Seattle Companies Are Banking on Behavior Change

Local companies like 2Morrow and WellPepper are developing apps to help people do things like quit smoking and improve health care management.
 
 

An increase in the incidence of chronic diseases such as obesity, high blood pressure, and Type-2 diabetes are driving up health-care costs. A McKinsey & Co. report says 31 percent of those costs are directly attributable to behaviorally-influenced chronic conditions. Poor medication adherence alone costs the U.S. more than $100 billion annually in avoidable health-care spending.

Since patients, insurers and health-care providers are looking for ways to help people adopt or change behaviors to help them manage and treat conditions, and prevent them from developing in the first place, there’s a big potential market for products and services designed to help people change their behavior.

But human behavior is complex, and developing a product to change behavior is challenging. By using techniques like user research and user testing to examine users’ goals, motivations and challenges, and using that information to drive product development, companies can develop products that successfully help people change their behavior.

There are many strategies you can design into a product to help elicit behavior change. A few that are particularly applicable to health-related behaviors are:

  • Goal setting: Help your users set realistic, achievable goals.  
  • Feedback: Provide feedback to your users on their progress.  
  • Community: Provide opportunities for users to connect with others.  
  • Reminders: Use reminders to help cue users to action.

2Morrow, a digital health company based in Kirkland, has developed an app designed to help people stop smoking, lose weight and manage stress, anxiety and chronic pain.  The company’s programs were created in collaboration with — and based on research by — Jonathan Bricker from Fred Hutchinson Cancer Research Center.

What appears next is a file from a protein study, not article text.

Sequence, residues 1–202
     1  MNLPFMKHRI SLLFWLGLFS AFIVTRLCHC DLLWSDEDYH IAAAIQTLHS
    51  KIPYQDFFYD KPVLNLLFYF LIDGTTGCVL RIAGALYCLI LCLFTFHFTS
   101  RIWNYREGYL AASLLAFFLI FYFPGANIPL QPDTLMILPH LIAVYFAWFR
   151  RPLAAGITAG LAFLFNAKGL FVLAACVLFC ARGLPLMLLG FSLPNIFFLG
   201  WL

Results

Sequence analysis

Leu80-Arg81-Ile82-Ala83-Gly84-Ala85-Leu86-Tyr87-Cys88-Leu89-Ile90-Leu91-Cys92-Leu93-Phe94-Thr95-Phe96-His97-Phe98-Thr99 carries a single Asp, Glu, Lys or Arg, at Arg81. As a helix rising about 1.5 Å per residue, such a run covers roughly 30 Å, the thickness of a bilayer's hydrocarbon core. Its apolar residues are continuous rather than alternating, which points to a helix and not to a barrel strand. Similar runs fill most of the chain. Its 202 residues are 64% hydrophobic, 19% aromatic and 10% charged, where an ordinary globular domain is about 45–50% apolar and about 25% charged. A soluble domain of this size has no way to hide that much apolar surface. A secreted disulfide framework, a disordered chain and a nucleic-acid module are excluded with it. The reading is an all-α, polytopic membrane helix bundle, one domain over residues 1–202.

“People engage in behaviors such as smoking or overeating because it serves a purpose for them; in moments of stress, they are likely to default to that habit,” says Jo Masterson, COO of 2Morrow. “Our approach is to find ways to help them figure out bigger goals that will motivate them to break the habit, e.g., they want to be healthy for their kids.”

2Morrow’s smoking cessation app implements several strategies for behavior change. Users can set goals, and receive training and information to help them quit smoking. It provides a connection with a coach, who offers support and encouragement when things get tough, and a feedback mechanism that allows users to see how many days it’s been since they’ve had a cigarette.

For Masterson, the main benefit of the app is that it is nonjudgmental. “People already know what is unhealthy for them; they want help to change it—they want to be good.”

Another local company focused on behavior change is WellPepper. Wellpepper’s app, which won the Alexa Diabetes Challenge in October 2017, engages patients and caregivers to improve management for post-surgical recovery and chronic conditions such as diabetes. Diabetics receive personalized instructions to manage their care, automatic task reminders, and weekly status updates. They also offer customers access to caregivers to ask questions, receive support and determine whether a doctor visit is needed.

Companies seeking to develop a product to engage people in behavior change should conduct user research to determine which strategies are appropriate for their target behavior and users, and user testing to evaluate the effectiveness of those strategies. This user-centered approach to developing products for behavior change has the potential to transform not only people’s health and lives, but also the entire healthcare delivery ecosystem in positive ways. 

Chrissy Glaister, the Lead Usability Engineer at Product Creation Studio in Seattle, has over a decade of product development experience. She has participated in the development of mobile health applications, diagnostic devices, drug delivery devices, implantable devices and wearable medical sensors.

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